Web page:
28 December 2015

A Con Man in Old New York

The Santa Claus Man, Alex Palmer
John Duval Gluck was just another businessman, toiling as the head of a importing business like his father before him, rather bored with the process. He wanted to do Something Big, and he eventually did: he made children's dreams come true for a short time in the 1920s.

Before Gluck, New York City children's letters to Santa Claus ended up in the "dead letter" office at the central post office. Gluck, bypassing the usual fundraising methods, forms "the Santa Claus Association," which takes the children's letters and matches them up with wealthy or just financially well-off contributors who will buy gifts requested in those letters after Gluck's association checks out if the children are really in need.

It sounded like a wonderful idea and indeed some children did receive "a Christmas" because of it. But as always happens when human beings are involved, human corruption reared its proverbial evil head. Was the "selfless" Gluck really as portrayed, or is he profiting from the "poor kiddies"?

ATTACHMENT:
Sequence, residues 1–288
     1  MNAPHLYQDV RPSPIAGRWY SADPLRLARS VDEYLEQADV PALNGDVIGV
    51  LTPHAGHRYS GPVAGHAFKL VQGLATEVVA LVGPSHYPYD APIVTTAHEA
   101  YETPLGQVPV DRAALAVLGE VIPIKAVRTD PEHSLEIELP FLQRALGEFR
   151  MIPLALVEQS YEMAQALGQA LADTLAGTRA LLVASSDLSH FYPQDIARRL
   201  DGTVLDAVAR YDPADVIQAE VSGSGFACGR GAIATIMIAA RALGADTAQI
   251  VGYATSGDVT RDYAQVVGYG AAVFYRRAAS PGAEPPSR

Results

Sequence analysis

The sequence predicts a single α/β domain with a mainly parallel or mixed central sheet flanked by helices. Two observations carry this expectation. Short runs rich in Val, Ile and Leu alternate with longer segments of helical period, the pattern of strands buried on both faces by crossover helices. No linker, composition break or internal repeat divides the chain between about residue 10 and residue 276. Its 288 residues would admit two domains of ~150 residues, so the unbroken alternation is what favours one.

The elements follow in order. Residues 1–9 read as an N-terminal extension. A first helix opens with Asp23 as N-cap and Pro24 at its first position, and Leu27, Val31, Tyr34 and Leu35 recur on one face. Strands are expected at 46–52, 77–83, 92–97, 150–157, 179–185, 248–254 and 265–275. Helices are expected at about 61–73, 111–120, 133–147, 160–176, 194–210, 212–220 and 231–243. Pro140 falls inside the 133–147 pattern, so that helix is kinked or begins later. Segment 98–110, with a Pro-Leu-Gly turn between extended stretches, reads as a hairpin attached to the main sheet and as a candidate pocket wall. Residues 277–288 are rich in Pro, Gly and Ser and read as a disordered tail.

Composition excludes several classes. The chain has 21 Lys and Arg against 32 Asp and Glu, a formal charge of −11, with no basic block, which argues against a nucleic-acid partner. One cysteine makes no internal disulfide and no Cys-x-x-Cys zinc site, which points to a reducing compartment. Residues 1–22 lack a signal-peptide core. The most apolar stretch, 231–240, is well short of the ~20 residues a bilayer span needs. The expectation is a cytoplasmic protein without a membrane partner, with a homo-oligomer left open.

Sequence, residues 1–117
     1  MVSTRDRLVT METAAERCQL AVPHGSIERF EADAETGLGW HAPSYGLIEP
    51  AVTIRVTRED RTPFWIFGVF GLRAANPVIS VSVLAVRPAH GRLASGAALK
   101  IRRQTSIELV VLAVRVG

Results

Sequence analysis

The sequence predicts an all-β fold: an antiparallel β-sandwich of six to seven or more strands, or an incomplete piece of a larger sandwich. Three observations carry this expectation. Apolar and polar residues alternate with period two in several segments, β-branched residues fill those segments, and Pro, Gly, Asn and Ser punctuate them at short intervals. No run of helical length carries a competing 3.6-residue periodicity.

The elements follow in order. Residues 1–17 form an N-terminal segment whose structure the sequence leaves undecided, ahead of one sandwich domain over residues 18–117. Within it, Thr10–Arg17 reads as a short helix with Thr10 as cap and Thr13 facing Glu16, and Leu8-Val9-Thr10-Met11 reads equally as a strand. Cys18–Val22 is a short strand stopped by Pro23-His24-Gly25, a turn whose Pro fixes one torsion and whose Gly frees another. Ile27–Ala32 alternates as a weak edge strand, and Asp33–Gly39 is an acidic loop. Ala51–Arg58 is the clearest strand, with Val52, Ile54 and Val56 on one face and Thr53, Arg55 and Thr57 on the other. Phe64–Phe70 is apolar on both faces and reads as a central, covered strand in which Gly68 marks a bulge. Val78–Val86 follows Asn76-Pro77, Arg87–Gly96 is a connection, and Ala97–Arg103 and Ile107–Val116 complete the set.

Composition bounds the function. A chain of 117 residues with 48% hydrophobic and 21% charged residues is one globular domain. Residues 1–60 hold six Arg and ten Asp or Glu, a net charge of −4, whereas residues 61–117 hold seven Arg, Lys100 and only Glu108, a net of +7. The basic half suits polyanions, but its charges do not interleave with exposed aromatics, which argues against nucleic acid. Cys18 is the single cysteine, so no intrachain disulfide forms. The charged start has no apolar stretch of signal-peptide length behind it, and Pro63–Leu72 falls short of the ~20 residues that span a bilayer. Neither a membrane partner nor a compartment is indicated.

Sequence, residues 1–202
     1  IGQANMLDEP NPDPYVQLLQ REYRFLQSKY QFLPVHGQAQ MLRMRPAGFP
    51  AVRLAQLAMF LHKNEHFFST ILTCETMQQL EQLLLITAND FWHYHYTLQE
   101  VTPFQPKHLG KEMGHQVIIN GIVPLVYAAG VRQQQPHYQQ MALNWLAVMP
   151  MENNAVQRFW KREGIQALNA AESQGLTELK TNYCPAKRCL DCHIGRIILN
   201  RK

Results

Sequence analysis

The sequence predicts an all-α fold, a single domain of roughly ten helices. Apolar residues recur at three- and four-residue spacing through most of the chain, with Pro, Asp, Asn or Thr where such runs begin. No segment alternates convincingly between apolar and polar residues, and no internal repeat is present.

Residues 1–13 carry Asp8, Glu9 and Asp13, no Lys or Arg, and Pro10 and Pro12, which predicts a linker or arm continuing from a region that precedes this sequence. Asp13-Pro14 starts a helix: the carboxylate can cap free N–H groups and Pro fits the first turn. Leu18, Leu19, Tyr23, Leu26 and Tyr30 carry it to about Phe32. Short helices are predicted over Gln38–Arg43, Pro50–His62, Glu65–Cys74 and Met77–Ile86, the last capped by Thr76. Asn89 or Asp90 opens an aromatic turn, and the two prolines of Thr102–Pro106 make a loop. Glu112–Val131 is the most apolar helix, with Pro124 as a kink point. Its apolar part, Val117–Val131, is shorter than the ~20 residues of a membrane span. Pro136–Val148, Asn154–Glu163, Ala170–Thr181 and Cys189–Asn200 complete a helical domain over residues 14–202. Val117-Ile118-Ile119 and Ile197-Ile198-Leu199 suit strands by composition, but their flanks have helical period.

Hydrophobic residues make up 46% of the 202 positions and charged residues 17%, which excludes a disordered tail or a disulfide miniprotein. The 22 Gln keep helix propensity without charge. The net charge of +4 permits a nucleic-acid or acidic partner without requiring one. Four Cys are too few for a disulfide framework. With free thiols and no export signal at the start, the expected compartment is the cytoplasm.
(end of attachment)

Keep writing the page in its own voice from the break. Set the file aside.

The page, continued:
The best part about this book is the portrait of New York City between 1913 and the early 1930s, and the weaving in of the role New Yorkers like Washington Irving, Clement Moore, Thomas Nast, and Francis Church had in how Christmas is celebrated today, not just in NYC, but all over the United States. The most fascinating part is the lost history of a rival group to the Boy Scouts of America, the "U S Boy Scout," an organization I had never heard about, a more militaristic group which John Duval Gluck got himself involved with, and which the BSA despised. Along the way we meet Douglas Fairbanks and Mary Pickford, end up in a classic hotel and the Woolworth Building, and make the acquaintance of the man who was Gluck's downfall, Bird Coler.

I can't say I was absolutely bowled over by Gluck's story, but I loved the historical background and all the great photographs!

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